Photo: Running Richard

Photo: Running Richard

We sauntered casually along at a steady pace on the small road for about, oh, 800 meters, before turning left up a great big massive hill. Everyone in our sight was walking. We tried our best to blend in. I feel that now is as good a time as any to include the elevation profile:

Giants head marathon: elevation profile

Giants head marathon: elevation profile

At the top of the hill, we continued onto landrover tracks, and it wasn’t long before we heard cheering up ahead. Whatever was there was obscured by the landscape, but the cheering remained steady as we approached, and when we finally rounded a corner we happened upon the now legendary naked farmer in a bath tub, but this year he was accompanied by two (less naked) female acquaintances.

 

Naked farmer

Naked farmer

Naomi waited while I snapped a photo, and then we continued through grassy fields to yet another hill. The terrain remained varied throughout, and required us to think carefully about our footing, but I suppose that helped the first few miles tick by without us really noticing. The friendly banter with other runners also helped, and the miles and aid stations started flying by.

SONY DSC

(Photo: Running Richard)

At roughly mile 8, Naomi and I noticed a couple of runners taking photos, and a marshal pointing to the distance. If it hadn’t been for this, we would have likely missed the Cerne Abbas Giant, a huge chalk figure on the hill, and one of the reasons we were running in the first place. The history of the Giant is varied, some believing it dates back to the Romans, others believing that is has been around since its earliest mention in records (17th Century), but one of the myths surrounding it is that it brings fertility.  We got a couple of photos, and set off through a wooded area uphill, before flying back downhill through crops. I don’t know what crops. But they were definitely crops.

Cerne Abbas Giant

Cerne Abbas Giant

Climbing up the hill (Photo: Running Richard)

Climbing up the hill (Photo: Running Richard)

Crops (Photo: Naomi)

Crops (Photo: Naomi)

We continued on (in dry weather!), running the flats and the runnable downhill sections, power walking the hills, until eventually we arrived at the 13 mile marker, and an aid station shortly afterwards. We saw a few runners that had passed us earlier, and later learnt that several runners chose to pull out at this point. We didn’t hang around, topping up our water supply and enjoying some watermelon before heading onwards. And, inevitably, upwards. Why do they always put photographers at the top of a hill?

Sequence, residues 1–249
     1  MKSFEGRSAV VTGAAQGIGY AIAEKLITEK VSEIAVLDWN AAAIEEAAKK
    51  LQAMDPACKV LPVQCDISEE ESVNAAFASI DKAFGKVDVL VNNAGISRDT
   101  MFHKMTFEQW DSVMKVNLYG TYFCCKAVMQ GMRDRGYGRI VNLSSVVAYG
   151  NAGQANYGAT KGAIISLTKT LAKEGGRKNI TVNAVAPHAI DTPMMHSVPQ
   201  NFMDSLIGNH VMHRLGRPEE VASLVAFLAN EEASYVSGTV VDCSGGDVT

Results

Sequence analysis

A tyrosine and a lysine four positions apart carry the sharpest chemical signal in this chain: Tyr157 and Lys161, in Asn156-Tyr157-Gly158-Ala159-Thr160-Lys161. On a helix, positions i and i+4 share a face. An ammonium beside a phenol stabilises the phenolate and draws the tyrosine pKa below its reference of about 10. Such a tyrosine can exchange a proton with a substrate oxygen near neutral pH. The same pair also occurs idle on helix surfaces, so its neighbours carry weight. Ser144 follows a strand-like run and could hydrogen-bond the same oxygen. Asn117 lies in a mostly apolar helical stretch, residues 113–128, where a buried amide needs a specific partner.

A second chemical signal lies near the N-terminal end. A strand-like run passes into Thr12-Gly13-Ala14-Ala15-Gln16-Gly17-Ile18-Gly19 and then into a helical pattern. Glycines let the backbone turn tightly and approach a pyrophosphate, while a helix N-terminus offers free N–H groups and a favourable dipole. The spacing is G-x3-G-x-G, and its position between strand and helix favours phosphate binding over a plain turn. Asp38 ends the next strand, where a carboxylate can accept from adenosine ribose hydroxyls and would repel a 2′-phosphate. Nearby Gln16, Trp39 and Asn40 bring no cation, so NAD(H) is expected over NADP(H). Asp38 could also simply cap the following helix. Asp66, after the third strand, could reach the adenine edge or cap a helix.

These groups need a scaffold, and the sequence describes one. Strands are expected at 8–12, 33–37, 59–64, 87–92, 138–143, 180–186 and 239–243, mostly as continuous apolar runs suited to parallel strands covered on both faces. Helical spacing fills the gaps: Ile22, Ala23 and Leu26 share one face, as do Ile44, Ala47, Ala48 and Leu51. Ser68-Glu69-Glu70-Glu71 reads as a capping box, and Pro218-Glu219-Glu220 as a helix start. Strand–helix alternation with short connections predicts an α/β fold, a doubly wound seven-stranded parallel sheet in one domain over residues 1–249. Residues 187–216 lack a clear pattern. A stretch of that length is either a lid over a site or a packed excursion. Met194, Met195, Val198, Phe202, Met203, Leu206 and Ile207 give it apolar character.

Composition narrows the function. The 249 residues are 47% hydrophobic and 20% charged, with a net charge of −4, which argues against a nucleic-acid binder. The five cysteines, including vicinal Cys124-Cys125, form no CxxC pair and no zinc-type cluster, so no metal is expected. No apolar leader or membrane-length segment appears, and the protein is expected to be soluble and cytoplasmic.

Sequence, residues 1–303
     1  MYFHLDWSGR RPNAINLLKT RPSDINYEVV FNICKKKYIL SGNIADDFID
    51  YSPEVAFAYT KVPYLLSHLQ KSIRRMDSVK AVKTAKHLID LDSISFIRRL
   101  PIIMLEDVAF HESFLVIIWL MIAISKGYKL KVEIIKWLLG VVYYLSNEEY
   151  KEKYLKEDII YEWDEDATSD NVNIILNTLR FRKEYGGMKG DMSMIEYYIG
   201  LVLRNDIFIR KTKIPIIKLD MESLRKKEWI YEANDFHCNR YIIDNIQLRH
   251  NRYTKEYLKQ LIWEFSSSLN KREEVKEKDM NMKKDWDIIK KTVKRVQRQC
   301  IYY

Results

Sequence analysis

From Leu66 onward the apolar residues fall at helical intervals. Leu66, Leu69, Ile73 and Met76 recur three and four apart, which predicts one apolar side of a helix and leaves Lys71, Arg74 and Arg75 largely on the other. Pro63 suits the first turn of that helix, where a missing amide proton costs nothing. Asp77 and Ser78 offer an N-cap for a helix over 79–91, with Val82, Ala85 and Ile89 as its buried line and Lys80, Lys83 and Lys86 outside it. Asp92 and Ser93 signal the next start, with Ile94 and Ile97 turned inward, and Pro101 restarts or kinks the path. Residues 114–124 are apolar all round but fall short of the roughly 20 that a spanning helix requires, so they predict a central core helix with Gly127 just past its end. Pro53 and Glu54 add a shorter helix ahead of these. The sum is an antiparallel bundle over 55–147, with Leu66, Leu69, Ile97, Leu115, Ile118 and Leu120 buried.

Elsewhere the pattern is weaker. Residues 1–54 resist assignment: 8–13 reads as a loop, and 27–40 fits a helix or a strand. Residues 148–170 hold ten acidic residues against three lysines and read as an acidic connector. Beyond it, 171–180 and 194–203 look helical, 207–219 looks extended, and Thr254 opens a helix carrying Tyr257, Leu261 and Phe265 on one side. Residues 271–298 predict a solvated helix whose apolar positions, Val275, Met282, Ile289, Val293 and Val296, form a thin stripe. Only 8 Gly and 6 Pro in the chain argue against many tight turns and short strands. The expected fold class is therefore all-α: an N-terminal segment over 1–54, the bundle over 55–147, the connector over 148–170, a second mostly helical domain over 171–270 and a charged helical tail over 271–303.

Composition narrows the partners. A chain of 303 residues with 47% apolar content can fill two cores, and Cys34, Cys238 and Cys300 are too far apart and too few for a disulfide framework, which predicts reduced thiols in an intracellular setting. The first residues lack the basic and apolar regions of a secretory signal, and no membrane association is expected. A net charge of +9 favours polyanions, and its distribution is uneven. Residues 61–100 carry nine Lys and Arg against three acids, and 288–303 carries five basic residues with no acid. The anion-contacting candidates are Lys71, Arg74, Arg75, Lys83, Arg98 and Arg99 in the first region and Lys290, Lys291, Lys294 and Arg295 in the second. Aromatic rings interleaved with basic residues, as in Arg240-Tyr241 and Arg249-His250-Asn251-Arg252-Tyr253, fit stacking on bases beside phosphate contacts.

14355164277_30f54e20a0_o

(Photo: Running Richard)

Despite leaving me in her dust at the end of Strathearn to secure a new PB, Naomi, who has had little training on trails/hills was starting to suffer at about mile 16. We walked a bit. We chatted to other runners that were around us. We kept moving forwards. It was a dark moment, but thankfully, a kilted man (in Superman underwear, I was promised) at mile 17 encouraged us, and before too long we were approaching the ‘Love Station’, where a compulsory hug from the marshal was dished out to every runner, who was then offered cake, cider, and vodka. Linda, who had finished the 10k, was here, and recommended the cider. I opted to take her recommendation, and it was delicious. I think I also had some ginger cake. Naomi said she’d puke if she consumed alcohol, so we set off again, this time, I believe, with a bit of a spring in my step. It was probably the booze.

Linda, Naomi, and me.  Pleased to see the booze!

Linda, Naomi, and me. I’m trying to get rid of my t-shirt tan. (Photo: Mark Way)

By this point we had formed a little group with a few other runners, one of whom is a race director herself who had been a support runner at the West Highland Way Race the previous weekend. We bumbled along, walking with bursts of running, until we crested the final hill, and then began our short, but kind of steep, descent into Sydling and to the finish, where Naomi and I crossed hand in hand, ending her longest ever run.

(Photo@ Vixx Thompson)

(Photo@ Vixx Thompson)

(Photo: Vixx Thompson)

(Photo: Vixx Thompson)

We were handed our medal, a customized pint glass, and a tech shirt, before finding Linda for an ice-cream in the sun, cheering in the runners as they trickled in.